Resizing Digital Pictures Made Easy

One might think it’s not that much of a task to resize a bunch of files in one directory so a certain dimention. Say you want to have all jpg images in your directory have width 1024 with aspect ratio maintained. For one image using GIMP actually this is easy. Just open it, go to image > scale image and type “1024” for width. That’s it. Knowing of GIMP’s batch mode feature I though: Well, now let’s just do this very same thing in batch mode for multiple files. Googling I found this passage Adrian Likins GIMP Batch How-To:

Batch mode is slow. Its not really a practical replacement for tools like ImageMagick or NetPBM when it comes to large scale image conversions or similar. At least not without writing some very clever scripts.
The problem with this approach is that gimp/script-fu has no built in procedures to iiterate though a list of images. So you cant easily tell gimp to load up *.jpg and run predator.scm on them, at least not without it taking a _long_ time.

There’s the solution, I thought. So I installed ImageMagick for Windows and made myself ready to run a Windows batch for loop on the files. After double checking against ImageMagick’s delivered help for convert I knew the syntax:

convert  -resize 1024

So far so good. But now comes the Windows batch bit. Even though fairly powerfull even compared with bash or other mighty script languages on Linux I couldn’t figure out how to run more than one command per iteration step. This is what I came around to, which does what intended, but without a pretty notice to the user that could have been done with adding something like ; @echo %i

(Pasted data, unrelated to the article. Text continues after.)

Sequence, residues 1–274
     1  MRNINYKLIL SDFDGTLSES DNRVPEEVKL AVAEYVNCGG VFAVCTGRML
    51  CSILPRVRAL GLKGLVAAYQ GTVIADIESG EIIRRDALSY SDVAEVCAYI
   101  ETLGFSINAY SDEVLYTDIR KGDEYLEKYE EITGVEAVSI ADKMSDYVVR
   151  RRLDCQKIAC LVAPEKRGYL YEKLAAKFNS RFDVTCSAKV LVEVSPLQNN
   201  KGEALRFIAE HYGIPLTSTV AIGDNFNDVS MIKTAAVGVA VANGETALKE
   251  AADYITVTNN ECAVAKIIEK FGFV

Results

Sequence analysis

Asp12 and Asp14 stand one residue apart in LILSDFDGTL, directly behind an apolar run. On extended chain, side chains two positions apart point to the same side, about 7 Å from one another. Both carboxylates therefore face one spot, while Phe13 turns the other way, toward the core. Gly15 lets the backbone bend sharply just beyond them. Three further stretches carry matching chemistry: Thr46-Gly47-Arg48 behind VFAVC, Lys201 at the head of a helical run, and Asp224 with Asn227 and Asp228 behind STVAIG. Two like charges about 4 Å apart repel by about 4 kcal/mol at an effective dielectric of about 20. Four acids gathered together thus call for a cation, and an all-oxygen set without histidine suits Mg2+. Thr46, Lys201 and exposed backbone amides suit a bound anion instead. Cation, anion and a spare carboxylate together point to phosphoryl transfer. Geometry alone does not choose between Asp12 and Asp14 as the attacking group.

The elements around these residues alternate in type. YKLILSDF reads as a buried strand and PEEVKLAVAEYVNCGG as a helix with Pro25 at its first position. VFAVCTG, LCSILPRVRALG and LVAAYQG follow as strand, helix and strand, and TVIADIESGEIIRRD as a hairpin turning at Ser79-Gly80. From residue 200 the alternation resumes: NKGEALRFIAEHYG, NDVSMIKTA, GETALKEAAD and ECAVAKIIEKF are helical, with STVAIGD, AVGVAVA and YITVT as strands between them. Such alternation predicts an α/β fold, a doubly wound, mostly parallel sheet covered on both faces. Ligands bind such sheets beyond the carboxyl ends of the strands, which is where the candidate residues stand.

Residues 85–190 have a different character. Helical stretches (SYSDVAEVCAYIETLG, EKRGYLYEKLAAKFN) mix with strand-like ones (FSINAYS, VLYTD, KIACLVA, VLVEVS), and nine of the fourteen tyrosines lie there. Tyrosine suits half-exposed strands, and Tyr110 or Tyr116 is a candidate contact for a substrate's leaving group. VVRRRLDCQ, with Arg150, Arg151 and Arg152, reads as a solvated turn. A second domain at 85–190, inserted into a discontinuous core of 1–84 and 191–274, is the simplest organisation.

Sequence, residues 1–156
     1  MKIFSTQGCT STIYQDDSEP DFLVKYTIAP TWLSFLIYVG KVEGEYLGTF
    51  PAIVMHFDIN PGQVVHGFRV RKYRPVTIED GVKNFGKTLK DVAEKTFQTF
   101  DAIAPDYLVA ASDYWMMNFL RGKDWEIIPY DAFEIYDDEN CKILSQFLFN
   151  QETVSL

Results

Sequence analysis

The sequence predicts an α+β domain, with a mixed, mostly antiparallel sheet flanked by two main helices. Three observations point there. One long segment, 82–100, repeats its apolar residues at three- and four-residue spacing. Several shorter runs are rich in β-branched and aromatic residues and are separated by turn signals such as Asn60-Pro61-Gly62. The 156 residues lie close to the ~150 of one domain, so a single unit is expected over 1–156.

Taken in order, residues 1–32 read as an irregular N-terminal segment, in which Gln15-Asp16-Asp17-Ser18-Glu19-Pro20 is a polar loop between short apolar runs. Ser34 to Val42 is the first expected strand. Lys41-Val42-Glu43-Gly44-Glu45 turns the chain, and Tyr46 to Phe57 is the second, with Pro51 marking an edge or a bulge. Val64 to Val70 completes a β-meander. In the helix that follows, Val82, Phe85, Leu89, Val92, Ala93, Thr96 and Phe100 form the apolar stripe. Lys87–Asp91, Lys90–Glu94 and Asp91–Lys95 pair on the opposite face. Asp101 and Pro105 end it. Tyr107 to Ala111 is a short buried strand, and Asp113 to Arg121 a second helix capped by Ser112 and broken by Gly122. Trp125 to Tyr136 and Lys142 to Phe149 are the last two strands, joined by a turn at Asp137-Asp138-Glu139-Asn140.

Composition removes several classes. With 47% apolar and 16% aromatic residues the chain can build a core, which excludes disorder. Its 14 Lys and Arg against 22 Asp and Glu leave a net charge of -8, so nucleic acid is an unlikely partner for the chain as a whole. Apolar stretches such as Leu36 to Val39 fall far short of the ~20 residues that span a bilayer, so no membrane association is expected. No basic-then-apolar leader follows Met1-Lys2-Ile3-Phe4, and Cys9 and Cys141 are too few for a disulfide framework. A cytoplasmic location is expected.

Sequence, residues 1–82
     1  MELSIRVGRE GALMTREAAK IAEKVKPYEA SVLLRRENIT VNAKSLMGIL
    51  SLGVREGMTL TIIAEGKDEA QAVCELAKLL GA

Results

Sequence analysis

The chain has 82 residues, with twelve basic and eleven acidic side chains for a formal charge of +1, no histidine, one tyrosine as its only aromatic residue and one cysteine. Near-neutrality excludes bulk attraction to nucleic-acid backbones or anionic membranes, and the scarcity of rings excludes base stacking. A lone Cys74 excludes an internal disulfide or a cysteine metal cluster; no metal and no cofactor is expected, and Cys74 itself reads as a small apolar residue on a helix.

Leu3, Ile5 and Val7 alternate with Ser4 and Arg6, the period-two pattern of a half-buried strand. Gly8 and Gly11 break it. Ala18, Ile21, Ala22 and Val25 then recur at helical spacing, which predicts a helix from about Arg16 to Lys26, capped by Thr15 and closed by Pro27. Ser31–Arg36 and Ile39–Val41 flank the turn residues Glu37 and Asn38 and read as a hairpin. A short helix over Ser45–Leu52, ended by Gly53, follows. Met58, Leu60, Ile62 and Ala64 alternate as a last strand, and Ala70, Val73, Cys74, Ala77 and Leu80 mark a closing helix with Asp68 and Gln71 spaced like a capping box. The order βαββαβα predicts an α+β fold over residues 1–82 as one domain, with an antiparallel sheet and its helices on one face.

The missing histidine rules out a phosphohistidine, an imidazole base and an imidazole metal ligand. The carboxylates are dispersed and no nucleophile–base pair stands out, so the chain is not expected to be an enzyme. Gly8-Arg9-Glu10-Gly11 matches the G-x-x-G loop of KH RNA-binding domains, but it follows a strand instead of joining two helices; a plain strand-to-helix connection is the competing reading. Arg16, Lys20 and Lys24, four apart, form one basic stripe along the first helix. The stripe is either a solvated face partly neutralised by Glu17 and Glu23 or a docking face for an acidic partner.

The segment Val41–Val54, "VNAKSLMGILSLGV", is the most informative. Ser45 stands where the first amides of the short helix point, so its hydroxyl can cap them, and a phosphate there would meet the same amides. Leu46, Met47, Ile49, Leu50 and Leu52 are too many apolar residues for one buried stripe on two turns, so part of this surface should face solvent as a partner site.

for /f %i in ('dir /b *.jpg') do convert %i -resize 50% %i

Note that I chose to halve the pics rather than to hard-set the width so I don’t risk upright pictures to become bigger in file size than the original. There you go!

Update: I finally came around to do it with Linux. Here is the Bash equivalent to the above (plus an additional nice notification which is easy with Bash):

for i in *.jpg; do echo "converting \"$i\"..."; convert "$i" -resize 50% "$i"; done

7 Comments

  1. Saturday, 18th Jun 2011 at 13:32

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  2. sysblog said,

    Wednesday, 26th Mar 2008 at 10:28

    Ta a bunch, Marc, for dropping a comment and your hint about using AND to use multiple commands within windows for foop!

    I edited your text so to show the code nicely.

  3. Marc said,

    Wednesday, 26th Mar 2008 at 07:11

    Thanks for the indo.

    In windows you’d be better with the standard “for” statement, and you use && to separate commands, thus the following should do what you were after:

    for %i in (*.jpg) do @echo Converting %i && @convert %i -resize 50% %i
    
  4. Andy said,

    Wednesday, 19th Dec 2007 at 19:36

    Oh, and did not know about it. Thanks for the information …

  5. Sunday, 30th Sep 2007 at 13:08

    […] to convert pixel files (png) to vector graphic (svg) on Linux In another post I wrote about the small tool convert as part of imagemagick. With convert it is possible to, […]

  6. grzzap said,

    Sunday, 30th Sep 2007 at 12:21

    nice site!

  7. Monday, 20th Aug 2007 at 11:42

    […] that the performance of GIMP scripting in Windows was less than ideal and came across another WordPress blog that mentioned ImageMagick, which is free and allows image manipulation from the command […]


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